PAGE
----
MANILA: economically, Metro Manila is the industrial, financial and commercial centre of the country. 65% of the Philippines’ large industrial firms were located in the metropolis. This includes 90% of the meat processing capacity, 90% of electronics production and 45% of paper mill output. While there is a national policy encouraging industries to locate outside of Manila, it is estimated that the metropolis’ industrial sector will continue to grow at 9% annually.

However, the development potential of cities is increasingly threatened by environmental deterioration. Aside from its obvious effects on human health and well-being, environmental degradation directly impedes socio-economic development. Water and air and soil pollution, for example, impose extra costs on business and industry, and on households as well as public services. Inefficient use and depletion of natural resources raises input prices and operating costs throughout the economy, and also deter s new investment. Heightened risk from environmental hazards has the same effect. In terms of impact, it is usually the poor who suffer most cruelly and directly from environmental degradation, although the lives and health of all urban residents can also be affected. Failing to deal with the problem today, moreover, leads to much greater problems (and cost) in the future. For development achievements to be truly "sustainable", cities must find better ways of balancing the needs and pressures of urban growth and change with the needs and constraints of the environment.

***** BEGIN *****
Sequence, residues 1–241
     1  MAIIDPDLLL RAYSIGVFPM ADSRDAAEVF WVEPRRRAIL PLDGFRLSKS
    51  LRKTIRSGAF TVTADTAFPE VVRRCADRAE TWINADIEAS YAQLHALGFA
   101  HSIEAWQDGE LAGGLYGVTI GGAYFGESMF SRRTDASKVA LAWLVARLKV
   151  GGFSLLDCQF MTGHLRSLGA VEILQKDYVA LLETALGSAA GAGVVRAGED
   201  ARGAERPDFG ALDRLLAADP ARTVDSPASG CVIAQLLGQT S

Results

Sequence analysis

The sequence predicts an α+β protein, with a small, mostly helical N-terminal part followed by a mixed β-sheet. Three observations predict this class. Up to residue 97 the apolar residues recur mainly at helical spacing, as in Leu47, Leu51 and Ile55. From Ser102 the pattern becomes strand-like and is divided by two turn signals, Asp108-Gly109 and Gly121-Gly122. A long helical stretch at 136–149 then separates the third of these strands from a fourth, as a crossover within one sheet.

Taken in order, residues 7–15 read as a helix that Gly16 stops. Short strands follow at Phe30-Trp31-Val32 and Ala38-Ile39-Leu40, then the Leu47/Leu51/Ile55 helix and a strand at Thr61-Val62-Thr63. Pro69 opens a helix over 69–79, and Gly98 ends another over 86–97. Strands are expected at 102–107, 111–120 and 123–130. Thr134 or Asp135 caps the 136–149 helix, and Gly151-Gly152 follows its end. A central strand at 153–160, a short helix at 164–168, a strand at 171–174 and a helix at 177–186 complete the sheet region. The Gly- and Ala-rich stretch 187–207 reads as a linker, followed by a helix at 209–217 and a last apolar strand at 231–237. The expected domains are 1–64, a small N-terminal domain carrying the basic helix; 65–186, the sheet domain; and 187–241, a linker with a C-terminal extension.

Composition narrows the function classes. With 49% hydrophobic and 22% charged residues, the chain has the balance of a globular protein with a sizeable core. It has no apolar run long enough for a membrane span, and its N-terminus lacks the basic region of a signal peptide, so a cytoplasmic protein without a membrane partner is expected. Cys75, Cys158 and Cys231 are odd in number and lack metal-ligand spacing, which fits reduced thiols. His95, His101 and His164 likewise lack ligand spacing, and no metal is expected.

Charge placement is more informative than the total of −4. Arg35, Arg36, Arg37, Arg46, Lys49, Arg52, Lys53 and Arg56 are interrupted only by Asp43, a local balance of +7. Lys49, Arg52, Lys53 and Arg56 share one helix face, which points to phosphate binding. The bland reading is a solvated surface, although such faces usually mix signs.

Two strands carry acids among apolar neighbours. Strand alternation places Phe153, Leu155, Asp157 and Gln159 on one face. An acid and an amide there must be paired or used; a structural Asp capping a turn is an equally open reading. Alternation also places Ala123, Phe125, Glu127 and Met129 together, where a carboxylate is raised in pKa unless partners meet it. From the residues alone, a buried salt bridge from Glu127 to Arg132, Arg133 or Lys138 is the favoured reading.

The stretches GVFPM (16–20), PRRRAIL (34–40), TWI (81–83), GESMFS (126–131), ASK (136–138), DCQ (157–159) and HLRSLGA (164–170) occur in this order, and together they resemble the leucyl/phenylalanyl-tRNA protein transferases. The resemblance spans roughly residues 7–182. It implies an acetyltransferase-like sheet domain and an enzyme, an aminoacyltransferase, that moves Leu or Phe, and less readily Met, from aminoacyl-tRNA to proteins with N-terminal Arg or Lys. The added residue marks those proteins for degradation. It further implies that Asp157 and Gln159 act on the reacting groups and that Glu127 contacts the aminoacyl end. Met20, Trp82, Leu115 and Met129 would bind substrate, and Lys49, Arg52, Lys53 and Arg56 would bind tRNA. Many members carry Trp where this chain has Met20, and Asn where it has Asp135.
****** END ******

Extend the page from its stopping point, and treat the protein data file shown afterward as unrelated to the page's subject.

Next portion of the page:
COLOMBO: Conservative estimates suggest that the annual costs of environmental degradation in the Urban Area by the year 2002 could be Rs. 3.3 billion in lost property value, Rs. 1.9 billion in lost fish sales, Rs. 778 million due to traffic congestion, and Rs. 315 million in additional health care costs.